A grass-roots rugby representative is so upset about the 'throat-cutting' gesture in the All Blacks' new haka that he says he will lay a "threatening to kill" complaint with police if he sees the haka again.
But the Rugby Union (NZRU) says the gesture was misinterpreted.
The All Blacks performed the haka - Kapa o Pango - on Saturday before their game against Australia.
Errol Anderson, vice-president and treasurer of the Featherston Rugby Club, said yesterday the finger across the throat gesture could only be seen as a threat.
"There's only one interpretation of a throat-slitting gesture and that is a threat to kill," Mr Anderson said.
If he saw the gesture again he would resign from his position at the Featherston rugby club and make a complaint to the police.
He said he felt the gesture should be tested by the law.
"Can we all walk up to someone and run our thumb across our throat? Because in Roman days that meant stick the sword in their throat."
"All they need to do is take that little bit out, otherwise it's an awesome haka," Mr Anderson said.
Rugby Union chief executive Chris Moller said the public needed to be educated about the meaning behind the gesture.
While the haka's final movement had been described as a cut-throat gesture, its meaning within Maori culture and the tradition of haka was very different, he said.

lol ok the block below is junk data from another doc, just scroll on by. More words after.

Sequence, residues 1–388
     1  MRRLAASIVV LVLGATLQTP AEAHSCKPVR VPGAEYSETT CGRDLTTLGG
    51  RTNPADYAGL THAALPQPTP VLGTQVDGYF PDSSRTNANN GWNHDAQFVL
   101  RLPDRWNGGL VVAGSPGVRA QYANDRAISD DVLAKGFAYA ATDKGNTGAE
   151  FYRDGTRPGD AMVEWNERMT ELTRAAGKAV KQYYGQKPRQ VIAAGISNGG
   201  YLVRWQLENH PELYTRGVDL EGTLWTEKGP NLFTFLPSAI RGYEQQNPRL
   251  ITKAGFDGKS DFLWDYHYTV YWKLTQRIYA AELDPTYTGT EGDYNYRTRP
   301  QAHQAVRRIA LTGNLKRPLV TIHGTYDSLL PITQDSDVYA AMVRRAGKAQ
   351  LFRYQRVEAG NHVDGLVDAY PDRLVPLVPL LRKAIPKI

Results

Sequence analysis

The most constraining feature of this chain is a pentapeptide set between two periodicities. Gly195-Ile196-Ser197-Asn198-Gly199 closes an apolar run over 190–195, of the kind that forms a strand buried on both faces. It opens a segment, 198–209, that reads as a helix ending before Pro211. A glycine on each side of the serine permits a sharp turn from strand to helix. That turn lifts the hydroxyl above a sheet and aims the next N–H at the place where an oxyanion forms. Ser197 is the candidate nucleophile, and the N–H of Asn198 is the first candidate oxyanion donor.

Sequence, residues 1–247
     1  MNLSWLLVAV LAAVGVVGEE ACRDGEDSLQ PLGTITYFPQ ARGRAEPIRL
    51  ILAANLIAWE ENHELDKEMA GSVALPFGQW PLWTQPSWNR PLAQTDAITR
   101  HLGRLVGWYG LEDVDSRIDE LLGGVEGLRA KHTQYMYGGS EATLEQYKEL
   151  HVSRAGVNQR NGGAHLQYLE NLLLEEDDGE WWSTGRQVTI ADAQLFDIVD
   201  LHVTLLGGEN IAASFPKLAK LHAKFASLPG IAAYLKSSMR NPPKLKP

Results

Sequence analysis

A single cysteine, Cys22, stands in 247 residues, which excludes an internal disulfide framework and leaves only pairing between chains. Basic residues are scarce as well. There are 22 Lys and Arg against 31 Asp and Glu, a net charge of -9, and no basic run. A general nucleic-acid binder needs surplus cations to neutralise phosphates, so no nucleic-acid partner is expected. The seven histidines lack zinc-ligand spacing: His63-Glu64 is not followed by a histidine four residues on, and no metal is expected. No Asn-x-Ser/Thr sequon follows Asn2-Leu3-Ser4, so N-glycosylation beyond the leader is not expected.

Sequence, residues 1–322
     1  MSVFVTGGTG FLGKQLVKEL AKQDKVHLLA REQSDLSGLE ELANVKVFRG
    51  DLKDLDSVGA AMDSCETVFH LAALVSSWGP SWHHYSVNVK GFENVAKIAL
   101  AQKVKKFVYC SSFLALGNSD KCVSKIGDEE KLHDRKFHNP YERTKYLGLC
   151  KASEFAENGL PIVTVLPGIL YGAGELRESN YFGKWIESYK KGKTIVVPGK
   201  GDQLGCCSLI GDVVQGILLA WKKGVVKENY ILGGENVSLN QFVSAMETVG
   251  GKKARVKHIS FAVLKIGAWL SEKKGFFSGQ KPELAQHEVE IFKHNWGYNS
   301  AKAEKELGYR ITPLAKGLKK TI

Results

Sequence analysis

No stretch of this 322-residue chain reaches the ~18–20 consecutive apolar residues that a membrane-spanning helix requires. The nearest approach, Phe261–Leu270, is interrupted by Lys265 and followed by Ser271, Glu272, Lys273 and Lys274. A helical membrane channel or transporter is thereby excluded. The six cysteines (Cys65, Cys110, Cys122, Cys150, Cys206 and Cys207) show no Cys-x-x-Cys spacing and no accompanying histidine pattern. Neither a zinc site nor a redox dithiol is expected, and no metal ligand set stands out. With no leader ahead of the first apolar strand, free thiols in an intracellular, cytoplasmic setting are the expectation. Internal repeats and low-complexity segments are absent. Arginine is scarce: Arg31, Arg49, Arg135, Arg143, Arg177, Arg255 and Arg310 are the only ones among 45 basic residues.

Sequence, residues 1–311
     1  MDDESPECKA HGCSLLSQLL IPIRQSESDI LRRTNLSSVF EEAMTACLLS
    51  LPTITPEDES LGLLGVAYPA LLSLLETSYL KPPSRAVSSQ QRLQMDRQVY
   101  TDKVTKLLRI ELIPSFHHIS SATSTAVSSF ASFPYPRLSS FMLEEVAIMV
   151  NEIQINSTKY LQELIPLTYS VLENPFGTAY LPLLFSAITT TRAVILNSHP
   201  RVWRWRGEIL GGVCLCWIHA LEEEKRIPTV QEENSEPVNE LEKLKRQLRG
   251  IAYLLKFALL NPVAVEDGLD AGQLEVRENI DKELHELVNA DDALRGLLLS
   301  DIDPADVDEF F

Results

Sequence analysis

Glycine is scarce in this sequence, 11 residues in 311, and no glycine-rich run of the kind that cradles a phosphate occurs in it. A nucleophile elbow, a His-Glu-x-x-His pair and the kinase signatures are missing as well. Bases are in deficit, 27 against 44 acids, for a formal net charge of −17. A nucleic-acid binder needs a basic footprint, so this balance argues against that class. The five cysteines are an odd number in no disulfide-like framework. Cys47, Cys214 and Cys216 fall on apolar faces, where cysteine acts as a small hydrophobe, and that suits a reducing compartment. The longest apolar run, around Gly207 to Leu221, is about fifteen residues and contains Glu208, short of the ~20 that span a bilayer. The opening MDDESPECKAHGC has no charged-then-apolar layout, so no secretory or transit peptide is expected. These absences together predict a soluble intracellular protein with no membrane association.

Composer Derek Lardelli said Kapa o Pango ended with the word "Ha" which meant the breath of life.
"The words and motions represent drawing vital energy into the heart and lungs."
The right arm searched for the "Ha" on the left side of the body, Mr Lardelli said, while the head turned to the right also symbolically seeking vital energy.
The right hand hauled that energy into the pou-whakaora (the heart, lungs and air passages), then the eyes and tongue signalled that the energy had been harnessed before it was expelled with the final "Ha".
A Colmar Brunton poll of over 500 New Zealanders showed that 60 per cent favoured the use of Kapa o Pango alongside the traditional haka.
But while the majority believed Kapa o Pango was appropriate, 37 per cent also thought the final gesture should be removed.